But it starts at the top. I'm pretty sure Guillen was born without a sensitivity chip, but what about general manager Ken Williams and chairman Jerry Reinsdorf? What about commissioner Bud Selig, who ordered Guillen's 2006 sensitivity training? Verbal or not, intended or not, the blow-up doll shrine said a mouthful about how the Sox organization views women. And I don't like what I heard.

  2. TheSportsPredictor

    TheSportsPredictor Well-Known Member

    Were they teacher blow-up dolls?
  3. KYSportsWriter

    KYSportsWriter Well-Known Member

  4. 21

    21 Well-Known Member

    1. Dumb, bad taste, classless, but historically uninteresting compared to other clubhouse crimes.
    2. Easily could--and should--have been done out of view of media.
    3. More disturbing, the reader comments that followed.
    4. And even more disturbing, the link to a story about Lacy Banks battling brain cancer, which I did not know.
  5. dixiehack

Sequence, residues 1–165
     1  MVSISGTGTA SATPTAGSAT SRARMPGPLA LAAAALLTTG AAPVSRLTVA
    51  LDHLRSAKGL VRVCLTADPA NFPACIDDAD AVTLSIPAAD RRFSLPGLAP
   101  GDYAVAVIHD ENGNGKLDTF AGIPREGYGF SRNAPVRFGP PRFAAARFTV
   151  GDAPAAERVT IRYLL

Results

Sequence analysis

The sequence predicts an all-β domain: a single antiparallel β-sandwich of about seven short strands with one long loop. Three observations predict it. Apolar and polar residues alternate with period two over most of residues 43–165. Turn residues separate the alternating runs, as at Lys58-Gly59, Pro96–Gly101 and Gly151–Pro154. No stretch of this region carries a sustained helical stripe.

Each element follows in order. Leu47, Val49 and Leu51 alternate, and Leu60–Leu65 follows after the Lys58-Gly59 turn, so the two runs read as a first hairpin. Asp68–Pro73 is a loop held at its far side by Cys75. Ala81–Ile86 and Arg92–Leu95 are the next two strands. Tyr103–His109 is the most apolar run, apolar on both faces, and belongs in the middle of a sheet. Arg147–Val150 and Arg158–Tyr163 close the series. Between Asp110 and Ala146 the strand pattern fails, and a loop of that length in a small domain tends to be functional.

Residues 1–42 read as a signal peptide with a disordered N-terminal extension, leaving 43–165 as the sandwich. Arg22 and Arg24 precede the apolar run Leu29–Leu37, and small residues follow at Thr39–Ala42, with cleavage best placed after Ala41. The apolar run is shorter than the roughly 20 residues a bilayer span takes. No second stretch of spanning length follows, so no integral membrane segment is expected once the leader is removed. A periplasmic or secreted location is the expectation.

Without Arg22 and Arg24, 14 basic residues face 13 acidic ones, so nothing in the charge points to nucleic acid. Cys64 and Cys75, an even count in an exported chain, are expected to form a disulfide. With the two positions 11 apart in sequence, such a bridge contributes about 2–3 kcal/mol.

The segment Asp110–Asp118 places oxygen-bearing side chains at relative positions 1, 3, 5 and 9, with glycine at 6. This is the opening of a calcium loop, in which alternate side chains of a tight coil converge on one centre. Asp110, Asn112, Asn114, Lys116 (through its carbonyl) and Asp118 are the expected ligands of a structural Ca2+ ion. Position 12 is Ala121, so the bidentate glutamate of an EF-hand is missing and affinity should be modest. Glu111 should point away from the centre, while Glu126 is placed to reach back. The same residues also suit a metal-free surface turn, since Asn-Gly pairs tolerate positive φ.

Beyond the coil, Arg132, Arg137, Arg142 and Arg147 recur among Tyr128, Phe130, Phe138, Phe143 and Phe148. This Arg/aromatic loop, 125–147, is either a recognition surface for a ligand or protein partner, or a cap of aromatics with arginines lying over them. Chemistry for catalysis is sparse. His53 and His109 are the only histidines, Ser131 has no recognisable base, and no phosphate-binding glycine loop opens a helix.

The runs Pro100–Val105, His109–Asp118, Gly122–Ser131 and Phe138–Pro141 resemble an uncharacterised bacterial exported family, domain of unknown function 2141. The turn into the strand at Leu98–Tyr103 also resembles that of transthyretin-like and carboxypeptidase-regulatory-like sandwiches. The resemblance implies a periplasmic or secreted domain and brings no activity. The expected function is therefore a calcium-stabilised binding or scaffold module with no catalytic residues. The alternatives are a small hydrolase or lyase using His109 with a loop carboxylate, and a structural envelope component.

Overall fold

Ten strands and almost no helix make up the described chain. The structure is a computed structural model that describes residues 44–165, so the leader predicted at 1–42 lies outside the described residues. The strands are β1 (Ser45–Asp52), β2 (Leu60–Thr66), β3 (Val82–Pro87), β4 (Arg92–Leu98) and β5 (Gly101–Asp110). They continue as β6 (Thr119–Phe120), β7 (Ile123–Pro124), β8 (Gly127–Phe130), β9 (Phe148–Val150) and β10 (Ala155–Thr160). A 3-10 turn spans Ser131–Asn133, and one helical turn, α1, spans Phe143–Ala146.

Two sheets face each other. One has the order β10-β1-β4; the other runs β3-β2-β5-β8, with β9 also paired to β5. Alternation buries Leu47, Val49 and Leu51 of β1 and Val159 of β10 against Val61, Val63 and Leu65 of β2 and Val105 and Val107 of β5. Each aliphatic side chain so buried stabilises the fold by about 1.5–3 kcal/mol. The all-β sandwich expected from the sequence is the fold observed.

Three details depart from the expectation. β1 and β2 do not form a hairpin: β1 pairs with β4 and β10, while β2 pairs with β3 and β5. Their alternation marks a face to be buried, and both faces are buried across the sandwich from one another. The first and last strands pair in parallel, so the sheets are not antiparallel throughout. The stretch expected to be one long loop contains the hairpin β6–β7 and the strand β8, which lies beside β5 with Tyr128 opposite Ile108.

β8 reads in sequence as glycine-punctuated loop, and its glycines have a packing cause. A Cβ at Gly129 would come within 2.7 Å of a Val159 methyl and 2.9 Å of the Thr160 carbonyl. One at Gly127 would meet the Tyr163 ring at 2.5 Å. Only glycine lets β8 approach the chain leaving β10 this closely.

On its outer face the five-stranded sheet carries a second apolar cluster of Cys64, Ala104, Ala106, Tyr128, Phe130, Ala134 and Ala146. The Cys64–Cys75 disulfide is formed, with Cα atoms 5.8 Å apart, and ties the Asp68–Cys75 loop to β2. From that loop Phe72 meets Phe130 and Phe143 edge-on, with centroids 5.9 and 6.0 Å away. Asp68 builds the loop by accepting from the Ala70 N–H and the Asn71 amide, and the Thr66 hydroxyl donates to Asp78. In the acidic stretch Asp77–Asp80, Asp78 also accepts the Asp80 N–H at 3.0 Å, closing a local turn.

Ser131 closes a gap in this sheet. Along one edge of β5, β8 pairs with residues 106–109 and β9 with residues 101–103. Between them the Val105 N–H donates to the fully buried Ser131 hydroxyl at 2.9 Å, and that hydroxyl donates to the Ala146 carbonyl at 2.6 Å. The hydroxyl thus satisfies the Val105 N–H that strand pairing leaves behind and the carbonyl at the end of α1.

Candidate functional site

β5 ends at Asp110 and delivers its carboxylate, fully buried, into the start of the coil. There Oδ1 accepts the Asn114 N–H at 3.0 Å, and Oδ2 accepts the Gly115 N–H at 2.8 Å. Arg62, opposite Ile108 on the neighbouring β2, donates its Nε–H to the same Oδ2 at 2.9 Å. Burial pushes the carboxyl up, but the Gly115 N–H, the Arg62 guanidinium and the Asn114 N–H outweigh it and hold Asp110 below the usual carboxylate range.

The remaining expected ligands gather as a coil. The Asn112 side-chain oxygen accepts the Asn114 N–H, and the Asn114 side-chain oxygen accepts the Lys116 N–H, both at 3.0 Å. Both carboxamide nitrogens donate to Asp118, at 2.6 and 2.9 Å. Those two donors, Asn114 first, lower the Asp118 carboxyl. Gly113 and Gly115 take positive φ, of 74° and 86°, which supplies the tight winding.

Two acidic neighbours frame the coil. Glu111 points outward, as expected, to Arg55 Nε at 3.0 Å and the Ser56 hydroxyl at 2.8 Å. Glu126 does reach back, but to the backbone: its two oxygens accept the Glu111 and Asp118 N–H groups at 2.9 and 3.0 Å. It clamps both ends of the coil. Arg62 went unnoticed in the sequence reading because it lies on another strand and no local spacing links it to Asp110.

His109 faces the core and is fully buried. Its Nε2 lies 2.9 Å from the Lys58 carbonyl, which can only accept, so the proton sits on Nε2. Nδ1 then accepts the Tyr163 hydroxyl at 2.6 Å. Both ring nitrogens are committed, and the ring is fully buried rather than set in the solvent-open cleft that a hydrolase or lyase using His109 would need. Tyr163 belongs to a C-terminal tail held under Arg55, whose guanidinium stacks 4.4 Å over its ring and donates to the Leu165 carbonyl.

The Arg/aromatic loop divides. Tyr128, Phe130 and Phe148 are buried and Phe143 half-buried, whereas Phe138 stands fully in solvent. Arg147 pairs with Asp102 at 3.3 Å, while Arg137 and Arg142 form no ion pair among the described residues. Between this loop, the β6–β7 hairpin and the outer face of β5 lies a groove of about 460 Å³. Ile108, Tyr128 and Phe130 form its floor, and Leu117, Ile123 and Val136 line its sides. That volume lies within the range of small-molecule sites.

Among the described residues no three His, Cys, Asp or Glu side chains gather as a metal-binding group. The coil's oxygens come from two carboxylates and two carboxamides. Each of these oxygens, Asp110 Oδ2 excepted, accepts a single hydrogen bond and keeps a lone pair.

dixiehack Well-Known Member

    Unavailable for comment.

  6. da man

    da man Well-Known Member

    No, funny.

    I mean, geez, they're, you know, BASEBALL PLAYERS! This is actually pretty low on the tasteless scale for them.
  7. Maybe. But it's still stupid, wrong, and easily avoidable.
    Fines, please.
  8. Rambler

    Rambler Member

    Good point, 21.

    Everyone please keep a good thought for Lacy. He's a very nice man and handling his illnesses with more dignity than I would, for sure.
  9. bigpern23

    bigpern23 Well-Known Member

    Was that wrong? Should I not have done that? Because, I gotta tell ya, I have to plead ignorance on this thing. If anyone had told me when I was traded here that sodomizing a blow up doll in the locker room is frowned upon, I never would have done it. [/nickswisher]
  10. Cousin Jeffrey

    Cousin Jeffrey Active Member

  11. BadgerBeer

    BadgerBeer Well-Known Member

    Honest question. My wife bowls in a league. I will go and watch and have a beer now and then. Often times the teams they bowl against will play card games with naked guy cards. Now the last thing I really want to see is some muscle freak with a Johnsonville Kielbasa hanging to the ground but I really am not offended and I don't feel as if I am being harassed. My question is...should I feel that way?
  12. PeteyPirate

    PeteyPirate Guest

    Being offended is not "should or shouldn't." You either are offended or you're not.